The second wave has a much less certain evolution. As anticipated by the Sacramento forecast office, the models have shifted to an evolution in which two vorticity centers are active. The forecast question then becomes which center will become more dominant. The models are all over the map on that issue, providing a range of scenarios from bust to nearly ideal conditions. Most are somewhere in the middle. Observations are, of course, sparse. The latest water vapor imagery could be interpreted to mean the northern vort max is dominant, or it could not be. Going by the middle portion of the model guidance, t
he most likely precipitation range is 1.0"-2.0". Precipitation onset is most likely to occur between 03-12 UTC Sunday.

Discussion notes:

00 UTC Model projections

All GFS members have wave coming onshore between 12 UTC Friday and 00 UTC Saturday. No precipitation prior to landfall, during this period most GFS members produce 1" of precipitation. The control run produces 0.25" between 18 UTC Friday and 00 UTC Saturday, and accumulation between 06-12 UTC Saturday is 0.5".

NOGAPS produces 0.5" by 12 UTC Sat and another 0.5" by 00 UTC Sunday.

CMC brings first wave onshore just before 00 UTC Saturday with nearly perfect orientation of 850 mb height field. 12-hour precipitation accumulation at 00 UTC Saturday is 0.25" and 12 UTC Saturday is 1-2". It ends precipitation by 00 UTC Saturday.

Next wave comes in as a splitting wave with the northern wave progged to hit mainland between WA and BC and the southern wave hits at San Diego. First contact is between 00 and 12 UTC Sunday.

NOGAPS brings it ashore 12 UTC Sunday, with 0.5" in the previous and subsequent 120hour periods.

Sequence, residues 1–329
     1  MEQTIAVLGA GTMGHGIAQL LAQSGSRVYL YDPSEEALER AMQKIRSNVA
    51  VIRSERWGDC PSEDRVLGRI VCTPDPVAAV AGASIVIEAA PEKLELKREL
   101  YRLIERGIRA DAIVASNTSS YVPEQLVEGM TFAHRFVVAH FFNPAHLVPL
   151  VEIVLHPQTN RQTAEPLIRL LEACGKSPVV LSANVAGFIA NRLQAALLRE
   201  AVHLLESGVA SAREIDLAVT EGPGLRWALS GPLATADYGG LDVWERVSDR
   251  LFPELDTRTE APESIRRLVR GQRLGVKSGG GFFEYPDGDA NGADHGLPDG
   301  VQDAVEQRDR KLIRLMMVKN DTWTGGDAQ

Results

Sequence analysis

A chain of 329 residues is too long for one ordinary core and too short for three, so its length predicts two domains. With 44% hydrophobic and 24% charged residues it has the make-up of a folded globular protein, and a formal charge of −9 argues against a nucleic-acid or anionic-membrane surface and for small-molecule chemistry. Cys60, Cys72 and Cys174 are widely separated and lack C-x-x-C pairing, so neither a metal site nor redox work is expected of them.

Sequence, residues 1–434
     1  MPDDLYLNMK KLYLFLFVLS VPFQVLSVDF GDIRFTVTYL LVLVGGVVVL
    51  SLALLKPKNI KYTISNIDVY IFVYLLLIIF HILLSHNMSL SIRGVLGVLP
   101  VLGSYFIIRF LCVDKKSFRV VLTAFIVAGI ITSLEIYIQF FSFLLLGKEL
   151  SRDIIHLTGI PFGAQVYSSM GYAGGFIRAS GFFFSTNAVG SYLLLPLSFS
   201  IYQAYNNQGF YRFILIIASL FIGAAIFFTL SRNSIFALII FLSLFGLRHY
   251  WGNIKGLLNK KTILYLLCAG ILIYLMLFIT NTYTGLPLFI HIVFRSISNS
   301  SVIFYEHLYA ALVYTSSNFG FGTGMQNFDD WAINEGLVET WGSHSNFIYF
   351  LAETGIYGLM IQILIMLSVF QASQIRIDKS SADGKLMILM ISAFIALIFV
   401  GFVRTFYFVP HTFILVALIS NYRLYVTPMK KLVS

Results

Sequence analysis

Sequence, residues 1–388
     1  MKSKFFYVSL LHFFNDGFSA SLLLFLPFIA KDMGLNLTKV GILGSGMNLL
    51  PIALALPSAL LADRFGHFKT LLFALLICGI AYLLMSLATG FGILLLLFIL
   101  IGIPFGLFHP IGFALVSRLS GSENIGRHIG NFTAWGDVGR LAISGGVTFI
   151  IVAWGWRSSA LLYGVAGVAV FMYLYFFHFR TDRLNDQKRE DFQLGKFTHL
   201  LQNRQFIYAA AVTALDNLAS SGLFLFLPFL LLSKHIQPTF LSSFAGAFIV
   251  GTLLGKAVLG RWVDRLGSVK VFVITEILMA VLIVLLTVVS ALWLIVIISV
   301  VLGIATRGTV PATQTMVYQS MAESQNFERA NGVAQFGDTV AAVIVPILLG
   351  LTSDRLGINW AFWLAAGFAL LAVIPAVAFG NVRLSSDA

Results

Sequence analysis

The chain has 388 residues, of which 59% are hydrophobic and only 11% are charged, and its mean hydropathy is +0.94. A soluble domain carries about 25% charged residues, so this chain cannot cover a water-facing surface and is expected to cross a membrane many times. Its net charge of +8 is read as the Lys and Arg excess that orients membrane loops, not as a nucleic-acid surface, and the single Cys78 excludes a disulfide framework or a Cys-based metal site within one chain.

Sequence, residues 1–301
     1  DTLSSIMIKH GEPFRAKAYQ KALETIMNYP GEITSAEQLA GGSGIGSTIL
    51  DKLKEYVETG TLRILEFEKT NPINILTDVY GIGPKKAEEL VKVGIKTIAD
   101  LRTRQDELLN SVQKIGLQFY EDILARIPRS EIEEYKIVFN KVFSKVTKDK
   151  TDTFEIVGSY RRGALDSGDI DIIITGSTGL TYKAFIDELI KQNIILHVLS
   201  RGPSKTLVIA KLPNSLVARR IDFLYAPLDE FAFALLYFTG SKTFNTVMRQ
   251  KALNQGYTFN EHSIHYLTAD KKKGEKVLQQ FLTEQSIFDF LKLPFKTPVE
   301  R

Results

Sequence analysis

CMC brings it ashore earlier than 12 UTC, and keeps the northern wave much stronger. It produces 1" in the 12-hour period ending 12 UTC Sunday, during which nearly perfect upslope occurs.

12 UTC Model projection

NAM has a slightly earlier arrival of the first wave, but also pushes it northward. 12-hour accumulation ending 00 UTC Saturday, 12 UTC Saturday, and 00 UTC Sunday is 0.01, 0.3, and 0.05. for a grand total of almost 0.4".

>72 hour forecast

00 UTC 6 Dec (Wednesday) GFS ensemble continues to show a zonal pattern emerging after the shortwave on Sunday. This is good news in that it will permit higher IPW values into the area for a more extended period, enhancing the likelihood of upslope flow ahead of short wave troughs that would create heavy precipitation periods. The ensemble indicates IPW values exceeding 1.0" continuously from Mon through Friday. The timing of short wave troughs is tenuous in the model guidance at this forecast lead. It isn't unusual in this pattern to have short wave troughs affect the US West Coast every 2-3 days. Aside from the nonlinear dynamics of the polar jet stream, it does appear interaction between the westerlies and Subtropical convection is possible, as convection has been persistent over the past couple of weeks as far north as Hawaii. The first wave in the period 5-days and beyond is forecasted to affect the West Coast on Tuesday. A long-wave trough is progged to develop Thursday through Sunday. Of course, it is possible that shorter-wave troughs could be embedded within that long-wave pattern.

December 5, 2006

2006-12-05 Wx Discussion and Forecast

Forecast prepared by Chris Anderson, ESRL/GSD/FAB

2006-12-05 12 UTC Synopsis
An upper-level ridge remains overhead of the ARB, but a potent shortwave is only a couple days away offshore.

Current conditions in the ARB region
Severe Clear. Fog is reported in the Sacramento Valley. Temperatures at 15 UTC range low 30s in the Valley to low 50s in the Blue Canyon vicinity. Snow depth measured by the ETL instruments at Blue Canyon is about 3.5". Bodega Bay IPW is 0.35" with winds directed offshore at low-levels and from the northwest aloft. Level of 0C is 750MB in the Oakland 12 UTC sounding.